As part of TechRadar’s PC Gaming Week 2019, we take a look at the history of Minecraft, from its humble beginnings to being the best selling PC game of all time.
Our story begins back in 2009, when a number of people had some seriously good ideas. One was Zach Barth, now known best as the founder of perennial puzzle innovator Zachtronics, who coded and released multiplayer mineral-em-up Infiniminer over the course of a few months, abandoning the freeware project after its source code was leaked.
Another was Swedish coder Markus ‘Notch’ Persson, just shy of 30, and previously a developer on sandbox MMO Wurm Online. Persson was working in his spare time on a kind of Dungeon Keeper/Dwarf Fortress/Rollercoaster Tycoon combo (as odd as that may sound) named RubyDung.
Attempting to introduce a first-person view into the game, he was less than satisfied with his results – and then he found Infiniminer.
“My god,” wrote Persson on his Tumblr, “I realized that that was the game I wanted to do… I tried to implement a simple first person engine in that style, reusing some art and code (although not as much as you’d think) from RubyDung.”
Even his very first version, coded in Java, is immediately identifiable today: even though it wasn’t yet formally named, this was Minecraft.
“The response was very positive,” wrote Notch a few months later, “and I was blown away [by] the framerate, and how well it ran in a browser, so I decided to go for it.”
Pulling in character models from an earlier game idea named Zombie Town, he put the first alpha version of the game, now sporting that iconic name, up for test.
It received an immediately positive response. Players were fascinated by Minecraft’s freedom and its creative nature, so Notch quickly went to work on adding new features.
Within a month, Minecraft had sand, water, lava, rudimentary dynamic lighting. Within two months, the earliest multiplayer tests were underway, and the speed of development picked up even further.
Development quickly moved towards a paid Alpha version, which required a premium account for access.
“I thought, if I don’t charge I’ll never get paid,” Notch later explained in a 2012 PC Gamer interview. “If I wait until the game is done, it’s never going to be done because I won’t have the money to sustain development.”
Minecraft’s Alpha sales began on June 13th 2009. Less than a month later it had sold over 1,000 copies and gained over 20,000 registered players, enough for Persson to scale back the hours spent on his day job and dedicate more time to Minecraft’s development under the Mojang Specifications banner.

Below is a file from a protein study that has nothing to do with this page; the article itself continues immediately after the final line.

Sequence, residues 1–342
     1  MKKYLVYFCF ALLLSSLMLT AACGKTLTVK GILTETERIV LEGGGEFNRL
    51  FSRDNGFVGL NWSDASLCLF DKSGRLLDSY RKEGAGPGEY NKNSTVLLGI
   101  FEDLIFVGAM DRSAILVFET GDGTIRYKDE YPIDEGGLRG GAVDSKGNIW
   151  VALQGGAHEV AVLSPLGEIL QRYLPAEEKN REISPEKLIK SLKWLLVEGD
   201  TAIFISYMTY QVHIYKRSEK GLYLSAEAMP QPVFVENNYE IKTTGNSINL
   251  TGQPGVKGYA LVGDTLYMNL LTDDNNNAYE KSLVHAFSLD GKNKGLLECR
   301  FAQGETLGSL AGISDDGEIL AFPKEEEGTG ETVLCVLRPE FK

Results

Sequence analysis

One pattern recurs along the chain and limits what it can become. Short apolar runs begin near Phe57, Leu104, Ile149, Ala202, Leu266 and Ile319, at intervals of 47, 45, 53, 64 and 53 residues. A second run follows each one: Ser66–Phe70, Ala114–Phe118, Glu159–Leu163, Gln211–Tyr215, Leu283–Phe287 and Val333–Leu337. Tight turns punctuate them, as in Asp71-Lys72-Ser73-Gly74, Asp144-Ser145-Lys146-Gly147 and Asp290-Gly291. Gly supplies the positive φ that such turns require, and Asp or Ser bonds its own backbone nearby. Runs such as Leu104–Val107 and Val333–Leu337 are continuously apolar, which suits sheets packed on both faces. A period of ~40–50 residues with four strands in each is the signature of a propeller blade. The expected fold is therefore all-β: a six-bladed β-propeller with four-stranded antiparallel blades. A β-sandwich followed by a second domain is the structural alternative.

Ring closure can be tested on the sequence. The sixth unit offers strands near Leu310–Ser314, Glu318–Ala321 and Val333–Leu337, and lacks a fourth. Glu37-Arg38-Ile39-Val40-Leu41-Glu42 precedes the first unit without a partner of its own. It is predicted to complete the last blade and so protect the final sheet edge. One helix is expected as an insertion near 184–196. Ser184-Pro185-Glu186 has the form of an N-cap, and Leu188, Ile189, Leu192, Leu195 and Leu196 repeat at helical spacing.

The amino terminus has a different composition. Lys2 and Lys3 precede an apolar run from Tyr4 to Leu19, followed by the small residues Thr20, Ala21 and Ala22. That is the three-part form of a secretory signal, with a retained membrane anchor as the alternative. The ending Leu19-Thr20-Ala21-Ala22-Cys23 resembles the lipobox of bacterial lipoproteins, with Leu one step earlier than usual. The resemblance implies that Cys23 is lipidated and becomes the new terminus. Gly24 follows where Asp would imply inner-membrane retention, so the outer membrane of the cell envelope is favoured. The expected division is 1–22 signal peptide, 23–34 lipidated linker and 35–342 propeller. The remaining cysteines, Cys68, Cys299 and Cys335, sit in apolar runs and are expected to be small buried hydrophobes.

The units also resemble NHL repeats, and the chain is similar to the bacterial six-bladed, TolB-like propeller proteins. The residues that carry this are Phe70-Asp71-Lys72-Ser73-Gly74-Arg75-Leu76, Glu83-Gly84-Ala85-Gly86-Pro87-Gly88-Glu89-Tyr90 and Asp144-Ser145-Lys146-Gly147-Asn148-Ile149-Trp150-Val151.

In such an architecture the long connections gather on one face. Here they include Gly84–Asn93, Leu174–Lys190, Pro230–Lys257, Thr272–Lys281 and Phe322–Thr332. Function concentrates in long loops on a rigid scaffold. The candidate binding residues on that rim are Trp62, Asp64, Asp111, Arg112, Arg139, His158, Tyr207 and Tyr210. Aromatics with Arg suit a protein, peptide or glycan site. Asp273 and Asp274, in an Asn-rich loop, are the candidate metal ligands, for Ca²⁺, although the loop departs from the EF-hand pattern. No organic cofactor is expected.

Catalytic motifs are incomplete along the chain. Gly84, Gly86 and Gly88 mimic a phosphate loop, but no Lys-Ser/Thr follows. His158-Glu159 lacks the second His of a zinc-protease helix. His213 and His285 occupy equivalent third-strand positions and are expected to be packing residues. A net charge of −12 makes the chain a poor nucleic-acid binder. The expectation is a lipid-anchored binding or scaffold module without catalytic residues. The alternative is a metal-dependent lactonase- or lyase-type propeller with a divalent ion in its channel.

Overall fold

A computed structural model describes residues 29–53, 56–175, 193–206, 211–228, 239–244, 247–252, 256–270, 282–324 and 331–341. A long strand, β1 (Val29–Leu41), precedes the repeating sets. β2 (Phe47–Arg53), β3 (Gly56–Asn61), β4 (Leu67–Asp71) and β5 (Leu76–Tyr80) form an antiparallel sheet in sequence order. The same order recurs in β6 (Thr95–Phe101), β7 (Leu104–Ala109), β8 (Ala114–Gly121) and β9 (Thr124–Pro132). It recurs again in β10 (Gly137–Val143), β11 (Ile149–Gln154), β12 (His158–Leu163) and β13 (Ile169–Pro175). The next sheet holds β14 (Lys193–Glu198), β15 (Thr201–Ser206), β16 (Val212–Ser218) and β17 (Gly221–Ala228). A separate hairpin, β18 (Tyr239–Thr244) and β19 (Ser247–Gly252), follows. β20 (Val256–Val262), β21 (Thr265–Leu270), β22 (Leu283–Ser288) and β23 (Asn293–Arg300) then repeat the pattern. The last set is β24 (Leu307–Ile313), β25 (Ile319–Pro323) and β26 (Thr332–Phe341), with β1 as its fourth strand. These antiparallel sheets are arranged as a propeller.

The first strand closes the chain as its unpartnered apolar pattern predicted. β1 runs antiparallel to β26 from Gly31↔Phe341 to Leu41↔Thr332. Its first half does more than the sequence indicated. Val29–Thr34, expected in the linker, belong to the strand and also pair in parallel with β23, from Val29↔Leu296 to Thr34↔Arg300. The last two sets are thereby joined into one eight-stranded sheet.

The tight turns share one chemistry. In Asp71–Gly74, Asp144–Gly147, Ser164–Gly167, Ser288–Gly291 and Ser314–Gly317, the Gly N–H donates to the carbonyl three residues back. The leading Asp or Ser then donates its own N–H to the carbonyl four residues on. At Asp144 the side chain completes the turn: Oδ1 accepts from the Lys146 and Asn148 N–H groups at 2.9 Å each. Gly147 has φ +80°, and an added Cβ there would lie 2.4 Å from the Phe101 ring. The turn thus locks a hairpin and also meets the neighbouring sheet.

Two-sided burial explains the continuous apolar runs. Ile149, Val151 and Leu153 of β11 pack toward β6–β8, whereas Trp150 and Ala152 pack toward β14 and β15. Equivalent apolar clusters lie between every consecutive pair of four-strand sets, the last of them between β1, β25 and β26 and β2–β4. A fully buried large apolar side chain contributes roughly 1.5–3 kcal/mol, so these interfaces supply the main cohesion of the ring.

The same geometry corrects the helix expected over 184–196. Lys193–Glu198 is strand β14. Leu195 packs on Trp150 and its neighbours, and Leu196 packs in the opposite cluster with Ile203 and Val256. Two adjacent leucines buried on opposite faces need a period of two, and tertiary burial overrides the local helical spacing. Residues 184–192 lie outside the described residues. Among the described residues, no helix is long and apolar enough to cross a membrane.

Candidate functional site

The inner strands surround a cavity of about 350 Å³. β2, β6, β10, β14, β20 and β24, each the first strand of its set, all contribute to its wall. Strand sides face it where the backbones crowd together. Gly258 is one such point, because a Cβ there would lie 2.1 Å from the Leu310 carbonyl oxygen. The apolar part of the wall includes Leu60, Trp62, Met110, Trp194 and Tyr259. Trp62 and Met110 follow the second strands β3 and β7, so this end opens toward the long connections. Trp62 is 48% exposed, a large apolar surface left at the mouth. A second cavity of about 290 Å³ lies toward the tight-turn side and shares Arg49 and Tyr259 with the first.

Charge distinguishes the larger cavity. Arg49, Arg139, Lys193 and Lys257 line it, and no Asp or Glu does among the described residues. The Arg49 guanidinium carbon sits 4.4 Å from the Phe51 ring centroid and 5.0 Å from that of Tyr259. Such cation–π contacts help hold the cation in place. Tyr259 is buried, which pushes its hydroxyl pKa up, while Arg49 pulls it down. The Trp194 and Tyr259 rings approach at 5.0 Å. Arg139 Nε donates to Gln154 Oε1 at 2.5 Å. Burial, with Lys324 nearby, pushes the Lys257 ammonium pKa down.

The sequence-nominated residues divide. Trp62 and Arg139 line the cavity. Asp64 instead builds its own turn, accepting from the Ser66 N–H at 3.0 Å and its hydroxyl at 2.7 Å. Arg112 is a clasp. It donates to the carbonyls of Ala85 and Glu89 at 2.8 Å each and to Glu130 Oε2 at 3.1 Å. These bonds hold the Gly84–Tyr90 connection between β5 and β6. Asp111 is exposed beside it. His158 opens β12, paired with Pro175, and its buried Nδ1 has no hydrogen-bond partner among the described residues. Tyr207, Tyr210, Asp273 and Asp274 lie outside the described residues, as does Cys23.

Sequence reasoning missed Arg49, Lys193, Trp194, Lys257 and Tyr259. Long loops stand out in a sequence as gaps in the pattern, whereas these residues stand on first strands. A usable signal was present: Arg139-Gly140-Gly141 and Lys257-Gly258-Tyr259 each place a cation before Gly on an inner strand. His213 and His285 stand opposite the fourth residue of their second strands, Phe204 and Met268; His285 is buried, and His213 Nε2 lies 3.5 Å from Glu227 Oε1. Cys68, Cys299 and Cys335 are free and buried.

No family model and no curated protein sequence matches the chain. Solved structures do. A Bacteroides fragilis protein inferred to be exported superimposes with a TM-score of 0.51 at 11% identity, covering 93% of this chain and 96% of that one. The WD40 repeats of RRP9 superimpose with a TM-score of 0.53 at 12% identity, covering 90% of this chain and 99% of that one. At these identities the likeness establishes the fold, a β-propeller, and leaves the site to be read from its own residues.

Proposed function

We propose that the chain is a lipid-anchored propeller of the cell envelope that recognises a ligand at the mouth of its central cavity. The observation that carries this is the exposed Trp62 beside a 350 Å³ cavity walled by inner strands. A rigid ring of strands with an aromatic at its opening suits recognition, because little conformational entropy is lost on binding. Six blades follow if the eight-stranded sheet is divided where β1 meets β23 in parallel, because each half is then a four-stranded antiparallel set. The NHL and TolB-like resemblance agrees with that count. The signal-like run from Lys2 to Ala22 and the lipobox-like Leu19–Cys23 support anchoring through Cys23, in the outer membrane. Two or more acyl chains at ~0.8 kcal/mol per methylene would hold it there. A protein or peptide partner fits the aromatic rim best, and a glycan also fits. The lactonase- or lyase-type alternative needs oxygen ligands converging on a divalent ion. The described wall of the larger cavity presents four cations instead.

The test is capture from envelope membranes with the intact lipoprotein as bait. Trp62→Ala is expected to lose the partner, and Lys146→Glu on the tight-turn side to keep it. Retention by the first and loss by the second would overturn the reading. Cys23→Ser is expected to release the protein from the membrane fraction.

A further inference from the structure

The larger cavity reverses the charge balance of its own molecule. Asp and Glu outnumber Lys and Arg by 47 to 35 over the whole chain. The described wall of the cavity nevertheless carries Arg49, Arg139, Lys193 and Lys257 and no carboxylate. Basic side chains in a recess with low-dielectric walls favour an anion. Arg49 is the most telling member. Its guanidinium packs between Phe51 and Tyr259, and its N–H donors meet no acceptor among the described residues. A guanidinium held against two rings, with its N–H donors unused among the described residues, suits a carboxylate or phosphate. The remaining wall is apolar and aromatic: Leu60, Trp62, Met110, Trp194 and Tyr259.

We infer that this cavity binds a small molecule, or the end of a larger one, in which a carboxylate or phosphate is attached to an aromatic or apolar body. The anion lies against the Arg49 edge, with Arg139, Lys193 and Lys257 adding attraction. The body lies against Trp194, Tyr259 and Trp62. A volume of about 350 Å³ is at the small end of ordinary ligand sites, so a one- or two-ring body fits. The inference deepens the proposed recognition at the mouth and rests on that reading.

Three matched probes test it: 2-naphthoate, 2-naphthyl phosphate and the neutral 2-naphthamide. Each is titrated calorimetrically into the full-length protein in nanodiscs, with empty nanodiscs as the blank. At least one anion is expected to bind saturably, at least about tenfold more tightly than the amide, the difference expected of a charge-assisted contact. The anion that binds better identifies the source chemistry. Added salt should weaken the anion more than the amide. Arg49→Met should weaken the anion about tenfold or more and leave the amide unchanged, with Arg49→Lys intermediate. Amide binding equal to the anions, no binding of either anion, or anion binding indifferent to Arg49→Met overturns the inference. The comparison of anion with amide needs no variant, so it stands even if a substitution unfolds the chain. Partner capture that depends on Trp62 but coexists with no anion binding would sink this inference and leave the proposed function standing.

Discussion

Later in 2009 Minecraft’s Creeper-toting survival mode began testing, which turned Minecraft from a neat toy into a proper game, and led to sales that, even at a discounted rate for early adopters, were strong enough that Persson was able to leave his day job in May 2010, a year after the game’s initial tests; by June, 20,000 paid accounts were registered.
An explosion in development, which saw a regular Friday update schedule adding features like redstone, minecarts, dungeons and spooky underworld The Nether in quick succession, led to another explosion in sales, and caused Persson to expand the number of brains working on Minecraft.
Mojang Specifications morphed into Mojang AB, founded alongside other Swedish coders, part of a group which, along with Notch himself, had been courted by Valve – a company which, at the time, was still interested in producing its own games.
“I got a Skype call from Bellevue,” game designer Jakob ‘JahKob’ Porser told PC Gamer. “Notch was like ‘I met with them, they want to hire me, obviously I’m not interested in this so let’s just make it happen. Let’s start this business.’ I was like, OK, I’ll quit my job tomorrow.”
The duo was soon joined by business developer Daniel ‘Kappische’ Kaplan, followed by CEO Carl Manneh, hired (on his own advice) from Persson’s previous employer jAlbum, artist Markus ‘Junkboy’ Toivonen, and coder Jens ‘Jeb’ Bergensten – and as Minecraft’s sales continued to expand, the team would continue to grow along with it.
Even with Minecraft still very much in its early stages (although now playable in its own browser-free client) our pals at PC Gamer magazine made Minecraft its game of the year in 2010.